Larry Kramer's angry drama, The Normal Heart, about the frightening early days of the AIDS crisis in New York City, began downtown at The Public Theater in 1985, years before George C. Wolfe came and went as artistic director there. But it's somehow fitting that he was asked to co-direct the Broadway premiere of Kramer's play (sharing credit with Joel Grey, whose recent concert presentation inspired this production). Wolfe's connection to The Public's fearless tradition of politically charged plays made him a natural candidate. He also has a history with the leading man of the production, Joe Mantello, who played Louis Ironson in Wolfe's Broadway production of Tony Kushner's Angels in America (both parts). In The Normal Heart, Mantello — who, since Angels, has risen to become an A-list American director — plays the role of AIDS activist Ned Weeks, modeled on Kramer, who founded Gay Men's Health Crisis.
Under Wolfe, the Grey script-in-hand Normal Heart has been expanded to a full staging in a white-box set by David Rockwell, now at the Golden Theatre. Wolfe, Grey, Mantello and the production itself (along with featured players John Benjamin Hickey and Ellen Barkin) are Tony-nominated this year. Tears, laughter and a kind of mourning commingle in the venue eight times a week. We snagged a few minutes with Wolfe, who talked about the plangent emotion of The Normal Heart.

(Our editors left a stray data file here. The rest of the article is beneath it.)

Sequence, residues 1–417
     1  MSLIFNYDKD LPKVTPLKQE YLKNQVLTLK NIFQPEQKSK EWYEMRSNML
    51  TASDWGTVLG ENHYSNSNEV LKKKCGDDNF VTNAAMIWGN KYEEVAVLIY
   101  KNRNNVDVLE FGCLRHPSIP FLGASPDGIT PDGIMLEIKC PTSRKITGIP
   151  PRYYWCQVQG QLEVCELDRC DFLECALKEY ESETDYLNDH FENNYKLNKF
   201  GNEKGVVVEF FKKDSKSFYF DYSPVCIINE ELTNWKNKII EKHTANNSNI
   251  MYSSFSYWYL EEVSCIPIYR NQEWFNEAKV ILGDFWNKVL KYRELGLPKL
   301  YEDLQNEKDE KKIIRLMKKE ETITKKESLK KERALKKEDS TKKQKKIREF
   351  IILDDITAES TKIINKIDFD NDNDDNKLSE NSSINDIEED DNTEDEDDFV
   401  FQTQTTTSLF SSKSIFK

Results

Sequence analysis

It occurs to me there's a whole generation that doesn't know what happened in the '80s at the dawn of the AIDS plague.
George C. Wolfe: Absolutely.
It's theatre's responsibility, in a way, to inform. Is that why you wanted to be involved?
GW: I think it's one of the reasons. I thought it was interesting: I thought, "Okay, we can help bring this story to young people who don't know certain information," and particularly there's a new crop of young people out there who are being foolish and reckless with their lives, and with their health, and I think that is happening in a very powerful way. But I think there is another phenomenon that is taking place, which is: it's allowing people who lived through that time to re-experience it, and to grieve, and to release, in a way. At one point, there's a line that Ned says, which is, "too much death," and I think those of us who lived through that time there was too much death, and a part of us shut down in order to survive. And going back and revisiting it now — because it's a play and the structure — it's allowing a release that wouldn't happen otherwise.
GW: Absolutely! Totally. And you see it on Broadway. You see its effect on Broadway. Absolutely.
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